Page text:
Shirin Neshatby Hrag Vartanian
Barbara Gladstone Gallery
In her latest exhibition, Shirin Neshat continues her cinematic translation of Iranian writer Shahrnoush Parsipour’s Women Without Men. Her latest filmic installation lingers on a prostitute, named Zarin, in an Iranian brothel, a place saturated with color and languid characters that frame the protagonist’s psychological breakdown as she begins to see skin grown over the eyes and mouths of all the men she encounters. The metaphor is heavy-handed, but the elegance of Neshat’s visuals and storytelling make it enticing. The ten-minute film, Zarin (2005), is part of an unfinished full-length film based on Parsipour’s book about women’s lives after the 1953 CIA coup in Iran. Beginning in 2003, and on the invitation of the Sundance Institute’s Writing Workshop Lab, Neshat has been laboring to realize her first major narrative project.
The film was shot in Morocco, which seems to have offered the texture of a Muslim society without the distracting details of Iran. The result is a type of Middle Eastern Cuba, as her locale emits a timelessness that bridges centuries and, to a certain degree, cultures. Women in Neshat’s film seem particularly vulnerable, cloaked in saturated colors and set against sparse walls or blank street corridors. Zarin is portrayed as a self-hating Iranian Kate Moss with a deep-seated shame about her body. She is separated from those around her visually by her light skin and in the later scenes, her blue chador. Her fear is palpable, as is her indignity, though the source of both, we are left to assume, is her sex work.
As she has her first vision of the skin sheathed faces in the brothel, she dashes out in fear and ends up in a hamam (steam bath) where she loofahs her body until it bleeds and shocks a room full of women and young boys enjoying the communal space. Zarin’s isolation is beautifully conveyed cinematically: she is a lone figure framed by a large vaulted dome, clouds of steam, and fleshy bodies. In the end, and after speeding through the streets almost blindly, she stands in the arcade of a local mosque watching the men pray with eyeless and mouthless faces. At that moment, empathy for Zarin shifts from shame to confusion. We are left to stew with many unanswered questions and a bitter aftertaste.
If the film’s poetry saves the movie, the accompanying photographs are shallow and problematic, finding unfortunate shelter in orientalist imagery. While her earlier work plays with the images associated with orientalism (monolithic covered women, the rhythm of Arabic script, serious men at the verge of zealotry), the Zarin images evoke nineteenth-century Iranian—or Qajar—art, which is a rich artistic repository of Iran’s uneasy marriage with modernity. Gone is the experimental awkwardness of Qajar art; in its place is the soft porn of naked women and little boys in hamams or the ill-conceived portraits of crisply dressed figures against gray-washed walls partially adorned with geometric tiles.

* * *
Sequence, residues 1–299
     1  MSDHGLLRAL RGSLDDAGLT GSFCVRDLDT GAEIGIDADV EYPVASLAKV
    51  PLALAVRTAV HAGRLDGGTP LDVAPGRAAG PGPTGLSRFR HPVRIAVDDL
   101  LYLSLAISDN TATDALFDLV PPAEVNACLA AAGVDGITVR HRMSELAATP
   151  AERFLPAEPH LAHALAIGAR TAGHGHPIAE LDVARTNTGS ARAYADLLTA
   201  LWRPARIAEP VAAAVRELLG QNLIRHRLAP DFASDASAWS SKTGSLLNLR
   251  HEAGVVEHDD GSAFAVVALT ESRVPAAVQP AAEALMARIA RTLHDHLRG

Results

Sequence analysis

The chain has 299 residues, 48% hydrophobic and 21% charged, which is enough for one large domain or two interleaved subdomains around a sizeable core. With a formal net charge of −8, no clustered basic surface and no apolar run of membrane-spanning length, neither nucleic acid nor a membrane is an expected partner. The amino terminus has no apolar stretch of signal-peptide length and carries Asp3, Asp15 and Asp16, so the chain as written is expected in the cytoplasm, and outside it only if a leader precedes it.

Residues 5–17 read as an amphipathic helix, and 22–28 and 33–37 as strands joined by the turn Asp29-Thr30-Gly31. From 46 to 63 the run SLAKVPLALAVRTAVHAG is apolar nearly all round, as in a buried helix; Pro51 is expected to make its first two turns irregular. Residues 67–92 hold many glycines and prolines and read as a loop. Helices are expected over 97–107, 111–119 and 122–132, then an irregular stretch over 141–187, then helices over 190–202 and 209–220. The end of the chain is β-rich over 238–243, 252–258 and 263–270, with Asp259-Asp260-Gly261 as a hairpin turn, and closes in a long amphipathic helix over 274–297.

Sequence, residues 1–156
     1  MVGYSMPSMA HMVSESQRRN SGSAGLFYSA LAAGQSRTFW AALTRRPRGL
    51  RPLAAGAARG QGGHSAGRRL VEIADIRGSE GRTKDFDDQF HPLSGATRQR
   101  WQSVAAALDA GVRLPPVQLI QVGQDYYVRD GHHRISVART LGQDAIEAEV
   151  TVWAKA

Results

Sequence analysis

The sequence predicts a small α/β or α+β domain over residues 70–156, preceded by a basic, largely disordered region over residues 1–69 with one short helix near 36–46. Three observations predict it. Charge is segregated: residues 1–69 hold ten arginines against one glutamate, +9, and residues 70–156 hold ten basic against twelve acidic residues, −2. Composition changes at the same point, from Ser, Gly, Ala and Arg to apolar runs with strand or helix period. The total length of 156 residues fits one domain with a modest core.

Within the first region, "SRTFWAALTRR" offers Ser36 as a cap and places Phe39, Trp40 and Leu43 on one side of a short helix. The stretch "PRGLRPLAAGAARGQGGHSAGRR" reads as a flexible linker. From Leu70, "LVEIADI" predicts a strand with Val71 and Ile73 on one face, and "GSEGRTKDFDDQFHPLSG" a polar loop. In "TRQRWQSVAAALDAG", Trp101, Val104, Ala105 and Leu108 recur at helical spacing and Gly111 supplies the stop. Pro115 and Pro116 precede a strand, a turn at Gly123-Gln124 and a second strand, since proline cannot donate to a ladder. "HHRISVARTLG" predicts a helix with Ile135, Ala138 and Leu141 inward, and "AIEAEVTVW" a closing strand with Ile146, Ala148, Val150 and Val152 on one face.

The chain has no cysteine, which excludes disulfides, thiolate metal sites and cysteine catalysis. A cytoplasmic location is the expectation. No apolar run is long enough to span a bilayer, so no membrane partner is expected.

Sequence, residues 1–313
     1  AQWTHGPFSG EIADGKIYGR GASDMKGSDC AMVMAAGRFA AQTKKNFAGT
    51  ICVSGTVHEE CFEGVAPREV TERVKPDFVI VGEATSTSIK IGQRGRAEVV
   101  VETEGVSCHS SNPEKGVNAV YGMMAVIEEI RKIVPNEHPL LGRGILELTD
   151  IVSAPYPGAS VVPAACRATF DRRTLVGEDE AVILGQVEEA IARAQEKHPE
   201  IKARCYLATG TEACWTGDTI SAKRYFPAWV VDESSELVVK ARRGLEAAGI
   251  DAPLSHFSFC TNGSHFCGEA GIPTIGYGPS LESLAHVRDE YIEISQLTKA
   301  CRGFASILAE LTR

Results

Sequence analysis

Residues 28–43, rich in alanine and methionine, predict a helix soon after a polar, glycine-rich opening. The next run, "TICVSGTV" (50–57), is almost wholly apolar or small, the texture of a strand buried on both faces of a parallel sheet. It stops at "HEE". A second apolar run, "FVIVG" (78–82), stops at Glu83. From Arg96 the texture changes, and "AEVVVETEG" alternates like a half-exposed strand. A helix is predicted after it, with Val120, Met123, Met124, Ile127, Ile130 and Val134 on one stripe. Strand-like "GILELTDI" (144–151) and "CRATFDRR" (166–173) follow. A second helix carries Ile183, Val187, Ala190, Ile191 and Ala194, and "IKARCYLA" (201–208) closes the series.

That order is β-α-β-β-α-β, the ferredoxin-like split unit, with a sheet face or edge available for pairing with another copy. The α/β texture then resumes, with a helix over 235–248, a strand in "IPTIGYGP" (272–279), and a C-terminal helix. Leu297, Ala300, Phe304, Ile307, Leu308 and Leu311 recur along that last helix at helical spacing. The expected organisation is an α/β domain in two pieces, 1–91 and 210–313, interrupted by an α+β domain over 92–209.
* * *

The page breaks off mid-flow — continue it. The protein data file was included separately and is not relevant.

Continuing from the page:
The film’s rich velvety colors seem to gray in the photos. While the hamam scene in the film ignites the transition from a simple narrative into a meditative experience, the two-dimensional images become purely decorative and lose their narrative weight. The disjointed stony figures are male fantasies, including the little boy whose backside is suggestively turned to the spectator and, in Qajar art, is a surrogate for the predominantly male viewers and patrons. True, these images are made in 2005 and not 1805, but the lethargic figures with their childlike astonishment do more to cloak than illuminate.
The iconography is personal, but recognizably mined from Neshat’s childhood world. The strength of the work is its imaginative reexamination of issues tied into identity. Neshat’s earlier film Tooba (2002), shot in Mexico, is a metaphoric hunt for paradise. That project succeeded where Zarin fails by questioning the framing of the issues (native Mexican faces in lieu of West Asian, symbolic landscapes in place of the banal), forcing the viewer to re-orientate herself within Neshat’s visual language. The artist’s past, and its gestation in her imagination, is at the core of a conundrum: what or who is the true subject of her work? How much do we need to know about her past? Made the year after 9/11, Tooba expanded the debate from an Islamic-centric arena of ideas into a universal one. The Zarin photos are reactionary by contrast—the world she portrays looks idyllic and disrupted by Zarin’s shame—and when all the steam evaporates they leave little to reflect upon.
If Neshat’s work is known for its clarity, the photographs in this show and to a lesser degree the film, demonstrate a worrying sign that her focus and universal language may be fraying into a purely imagined world, infatuated with visceral emotions, and drawn to grandiose flourishes that flounder in an aesthetic that has temporarily, like Zarin, lost its way.
Hrag Vartanian is a writer, critic, and designer. He lives in Brooklyn, NY.